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Epidemic Crisis Reveals Public’s Distrust in Government
By Yang Se-young  |  worldyang@hanyang.ac.kr
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[323호] 승인 2014.09.01  
트위터 페이스북 미투데이 요즘 네이버 구글 msn

     Like in the 1995 movie, Outbreak, a terrifying virus called the “Ebola Virus Disease(EVD)” has surfaced as a global issue, causing great fear across countries including Korea. EVD however, is not a disease that was recently discovered. As a matter of fact, it was first identified 38 years ago in 1976, in a small village located in northern Democratic Republic of Congo. As the virus usually occurs in isolated places like in tropical regions of Sub-Saharan Africa, less than a thousand people have been infected in three decades. However, in 2014, the biggest EVD outbreak has occurred, also known as the “2014 West Africa Ebola virus outbreak,” affecting Guinea, Sierra Leone, Liberia as well as Nigeria. As a result, the World Health Organization declared the outbreak as an “International Public Health Emergency” on August 8, 2014.                                                  
    As the EVD has become a global emergency, exaggerated rumors are unfortunately being spread around the world, and Korea is not an exception. Regarding the virus, there has been a claim that the disease could be spread through the air and that the mortality rate of the virus is over 95 percent. Although most of these rumors have been proven false, there is still reason to believe that EVD is a big threat. The mortality rate is actually not as high as 95 percent, but it is still high, reaching 60 to 70 percent, with no found cure.
    The fear of this horrifying epidemic recently raised controversy involving the Global Partnership Program for Working Women, which was held at Duksung Women’s University(DWU) from August 4 to 15, sponsored by DWU and United Nations Women. As a global festival, students from all over the world were invited. What triggered the controversy, however, was the fact that students from Africa were also invited to the event. Since the largest outbreak of EVD has occurred in West Africa, many Koreans including students of DWU were against holding the program and calling for the cancellation of the event. “All students at DWU are hoping for the event to be cancelled. As the festival is held in cooperation with the United Nations, cancellation of the event is not easy. I want the government to help us,” posted a student from DWU on the free board of CheongWaDae’s(the Blue House) website, which received positive responses from other people.
    However, the government responded that they would not cancel the festival, claiming, “The countries where the African students are from are unrelated with the African countries experiencing the outbreak. It would be a discriminatory act if we forbid these African students to enter into our country just because they are from Africa.” This brought more worries among Koreans, saying on the Internet, “It is obvious that if EVD is found in our country, all of our population will disappear. The government will then come back to its senses and learn the consequences of their decision.” Other comments of Korean netizens could be easily found on the Internet which criticized the government, such as “The crisis management ability of the government sucks. We all learned that during the Sewol ferry crisis.” The responses of these Koreans on the Internet have shown how much they distrust the government. Since the Sewol ferry crisis occurred last April 15, where hundreds of passengers, were killed, the government has largely lost the trust of the people.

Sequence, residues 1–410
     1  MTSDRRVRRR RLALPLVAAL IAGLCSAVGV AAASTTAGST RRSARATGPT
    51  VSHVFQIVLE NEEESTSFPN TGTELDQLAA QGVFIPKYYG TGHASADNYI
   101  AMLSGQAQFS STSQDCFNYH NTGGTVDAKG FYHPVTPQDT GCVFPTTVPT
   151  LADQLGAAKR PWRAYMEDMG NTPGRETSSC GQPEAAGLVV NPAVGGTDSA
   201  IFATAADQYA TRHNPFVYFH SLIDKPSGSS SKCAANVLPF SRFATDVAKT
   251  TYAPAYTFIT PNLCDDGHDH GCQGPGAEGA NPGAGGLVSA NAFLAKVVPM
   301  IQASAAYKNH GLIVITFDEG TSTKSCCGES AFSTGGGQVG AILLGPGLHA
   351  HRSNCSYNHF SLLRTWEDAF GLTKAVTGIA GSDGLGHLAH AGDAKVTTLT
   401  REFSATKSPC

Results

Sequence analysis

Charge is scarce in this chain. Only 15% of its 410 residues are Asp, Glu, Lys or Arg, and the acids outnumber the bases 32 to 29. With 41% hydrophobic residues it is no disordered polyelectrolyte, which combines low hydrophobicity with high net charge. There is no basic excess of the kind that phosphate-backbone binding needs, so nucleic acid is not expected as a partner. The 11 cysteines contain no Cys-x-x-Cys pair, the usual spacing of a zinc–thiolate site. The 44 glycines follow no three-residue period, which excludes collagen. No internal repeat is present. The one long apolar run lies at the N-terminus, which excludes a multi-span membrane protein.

Besides the responses on the EVD issue, many others have lost their faith in the government due to the mysterious death of Yoo Byeong-eon, the owner of the Cheonghaejin Ferry Company. Although Yoo Byeong-eon is reported to be dead, many doubt the claim, for it is unlikely for a corpse such as his to have decayed so quickly given the short time span. The government should therefore, work steadfastly to regain the trust of the people they are supposed to being working for. However, decisions to push ahead with health care privatization, despite the opposition of many and the hiring of the former personal trainer of popular actress, Jun Ji-hyeon, in office, will not help regain trust in any way.

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